Tech & Work

IT must prepare for $200-a-barrel oil and a rise in remote workers

Admins start your VPNs! As oil and gas prices soar, IT organizations should prepare to support more remote workers.

Admins, start your VPNs! As oil and gas prices soar, IT organizations should prepare to support more remote workers.

On Tuesday, Goldman Sachs analyst Arjun N. Murti predicted that oil prices may hit $150 or even $200 a barrel in the next six months to two years. Murti believes this "super-spike" will be driven by a lack of adequate growth in supply and could lead to demand rationing in developed nations (particularly the United States). Whether Murti's prediction comes to fruition or not, fuel prices and transportation costs are likely to continue their steep rise for the foreseeable future—barring the unlikely discovery of new, easily-accessible oil reserves or the rapid development of alternative energy sources.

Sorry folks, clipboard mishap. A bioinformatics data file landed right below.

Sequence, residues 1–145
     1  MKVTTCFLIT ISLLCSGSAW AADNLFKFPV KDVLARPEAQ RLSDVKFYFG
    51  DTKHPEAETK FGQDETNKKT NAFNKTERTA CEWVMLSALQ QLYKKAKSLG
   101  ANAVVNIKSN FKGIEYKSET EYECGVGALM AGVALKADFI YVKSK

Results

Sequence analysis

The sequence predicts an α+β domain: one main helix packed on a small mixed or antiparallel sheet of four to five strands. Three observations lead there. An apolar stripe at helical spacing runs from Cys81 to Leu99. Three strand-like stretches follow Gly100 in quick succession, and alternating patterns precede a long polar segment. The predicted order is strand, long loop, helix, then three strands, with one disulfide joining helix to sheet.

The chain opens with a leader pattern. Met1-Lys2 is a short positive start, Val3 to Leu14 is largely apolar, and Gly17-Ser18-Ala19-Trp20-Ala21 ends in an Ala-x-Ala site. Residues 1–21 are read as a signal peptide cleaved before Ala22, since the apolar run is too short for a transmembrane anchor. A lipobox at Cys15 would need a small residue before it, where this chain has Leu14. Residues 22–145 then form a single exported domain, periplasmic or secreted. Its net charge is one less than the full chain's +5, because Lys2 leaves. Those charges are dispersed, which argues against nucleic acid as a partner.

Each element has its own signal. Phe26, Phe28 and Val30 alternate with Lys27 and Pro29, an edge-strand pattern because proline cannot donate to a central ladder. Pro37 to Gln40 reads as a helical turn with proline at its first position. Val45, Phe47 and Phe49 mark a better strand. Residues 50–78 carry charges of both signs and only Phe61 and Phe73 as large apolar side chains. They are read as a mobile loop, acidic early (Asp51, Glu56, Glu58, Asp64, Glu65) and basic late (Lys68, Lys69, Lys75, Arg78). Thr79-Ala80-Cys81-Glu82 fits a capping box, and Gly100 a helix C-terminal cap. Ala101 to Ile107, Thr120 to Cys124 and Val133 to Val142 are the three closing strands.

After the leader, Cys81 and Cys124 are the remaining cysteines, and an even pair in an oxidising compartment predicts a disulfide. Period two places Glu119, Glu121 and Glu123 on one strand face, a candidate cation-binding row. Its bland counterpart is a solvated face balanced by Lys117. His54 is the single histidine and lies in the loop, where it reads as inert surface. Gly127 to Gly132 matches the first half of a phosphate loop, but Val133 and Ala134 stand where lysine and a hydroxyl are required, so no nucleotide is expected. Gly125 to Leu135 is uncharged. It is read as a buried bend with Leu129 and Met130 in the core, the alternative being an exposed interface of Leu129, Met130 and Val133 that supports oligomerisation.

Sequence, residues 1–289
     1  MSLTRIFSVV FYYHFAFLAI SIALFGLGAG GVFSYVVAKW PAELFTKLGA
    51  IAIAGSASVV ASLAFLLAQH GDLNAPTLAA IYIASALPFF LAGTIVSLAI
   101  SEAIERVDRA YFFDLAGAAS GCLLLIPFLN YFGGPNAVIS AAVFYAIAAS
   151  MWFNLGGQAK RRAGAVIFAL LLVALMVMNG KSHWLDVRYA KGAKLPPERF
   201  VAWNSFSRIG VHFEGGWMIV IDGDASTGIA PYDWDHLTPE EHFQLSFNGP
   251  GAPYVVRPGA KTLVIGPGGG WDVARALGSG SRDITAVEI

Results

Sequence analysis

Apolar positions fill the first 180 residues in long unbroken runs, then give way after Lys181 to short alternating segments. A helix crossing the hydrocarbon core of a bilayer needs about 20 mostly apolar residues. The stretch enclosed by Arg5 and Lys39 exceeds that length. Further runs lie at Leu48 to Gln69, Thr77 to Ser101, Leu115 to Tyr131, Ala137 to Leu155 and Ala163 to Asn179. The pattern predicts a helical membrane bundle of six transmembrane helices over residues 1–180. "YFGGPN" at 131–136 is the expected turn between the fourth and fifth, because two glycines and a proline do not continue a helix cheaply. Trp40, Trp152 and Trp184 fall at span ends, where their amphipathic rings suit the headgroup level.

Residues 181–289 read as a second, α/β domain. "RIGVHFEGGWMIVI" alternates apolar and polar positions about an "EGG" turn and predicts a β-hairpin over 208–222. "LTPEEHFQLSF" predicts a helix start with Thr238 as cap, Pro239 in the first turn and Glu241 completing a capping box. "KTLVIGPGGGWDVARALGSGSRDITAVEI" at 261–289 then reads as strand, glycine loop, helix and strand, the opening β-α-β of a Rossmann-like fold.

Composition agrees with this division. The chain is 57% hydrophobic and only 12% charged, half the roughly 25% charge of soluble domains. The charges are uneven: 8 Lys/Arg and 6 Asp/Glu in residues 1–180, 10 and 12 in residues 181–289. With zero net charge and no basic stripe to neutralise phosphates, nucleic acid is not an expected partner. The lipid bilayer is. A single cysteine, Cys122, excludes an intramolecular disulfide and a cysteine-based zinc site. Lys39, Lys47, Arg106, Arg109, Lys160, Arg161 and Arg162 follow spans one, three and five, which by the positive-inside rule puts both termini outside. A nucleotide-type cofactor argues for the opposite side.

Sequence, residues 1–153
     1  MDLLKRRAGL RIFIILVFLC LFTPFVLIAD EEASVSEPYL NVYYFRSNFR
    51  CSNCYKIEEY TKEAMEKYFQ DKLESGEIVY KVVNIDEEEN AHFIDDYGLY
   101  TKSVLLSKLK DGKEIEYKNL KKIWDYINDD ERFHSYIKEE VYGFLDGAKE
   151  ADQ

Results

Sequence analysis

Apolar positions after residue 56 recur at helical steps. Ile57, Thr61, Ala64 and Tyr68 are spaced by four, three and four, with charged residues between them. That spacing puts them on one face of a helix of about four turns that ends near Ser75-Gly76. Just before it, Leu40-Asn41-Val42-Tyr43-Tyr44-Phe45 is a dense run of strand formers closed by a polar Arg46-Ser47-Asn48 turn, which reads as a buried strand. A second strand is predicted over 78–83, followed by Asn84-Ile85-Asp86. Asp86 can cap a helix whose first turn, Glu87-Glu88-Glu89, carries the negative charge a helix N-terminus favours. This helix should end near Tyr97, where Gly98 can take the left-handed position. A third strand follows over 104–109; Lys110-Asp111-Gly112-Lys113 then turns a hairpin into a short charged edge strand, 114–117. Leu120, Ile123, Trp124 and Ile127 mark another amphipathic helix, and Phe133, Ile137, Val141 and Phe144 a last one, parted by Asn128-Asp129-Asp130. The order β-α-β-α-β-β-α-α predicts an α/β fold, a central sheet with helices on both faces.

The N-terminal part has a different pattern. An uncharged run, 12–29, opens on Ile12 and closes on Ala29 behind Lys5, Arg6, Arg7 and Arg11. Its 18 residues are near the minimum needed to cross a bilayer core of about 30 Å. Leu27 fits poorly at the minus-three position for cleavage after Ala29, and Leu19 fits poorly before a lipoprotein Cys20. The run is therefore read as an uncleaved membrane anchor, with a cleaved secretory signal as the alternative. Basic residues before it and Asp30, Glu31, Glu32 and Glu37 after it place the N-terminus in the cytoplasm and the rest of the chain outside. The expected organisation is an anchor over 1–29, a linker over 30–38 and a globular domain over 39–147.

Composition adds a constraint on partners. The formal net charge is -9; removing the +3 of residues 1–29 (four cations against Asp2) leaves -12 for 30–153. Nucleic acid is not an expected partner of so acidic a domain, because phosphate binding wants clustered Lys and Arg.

As transportation costs rise, organizations and workers will look for ways to reduce travel. For many employees, this will mean working from home to eliminate the daily commute. As I wrote in response to IBM's prediction that the "virtual workplace will become the rule", I'm not convinced the traditional office workplace is in immediate peril, but I believe a hybrid model will emerge. Employees will work from home a few days each week.

Today's lesson: Start preparing now

Many IT organizations, particularly in large enterprises, already support a distributed workforce. IT leaders within this category should ensure their infrastructure has the capacity to support increased demand. IT departments not currently supporting remote users should begin exploring their options now. At the very least, you should make certain your network can support existing remote workplace technologies. Also, IT will not be immune from this trend. IT leaders must develop the skills and techniques required to manage a distributed workforce.

Here are resources that can help you support and manage remote workers:

About

Bill Detwiler is Managing Editor of TechRepublic and Tech Pro Research and the host of Cracking Open, CNET and TechRepublic's popular online show. Prior to joining TechRepublic in 2000, Bill was an IT manager, database administrator, and desktop supp...

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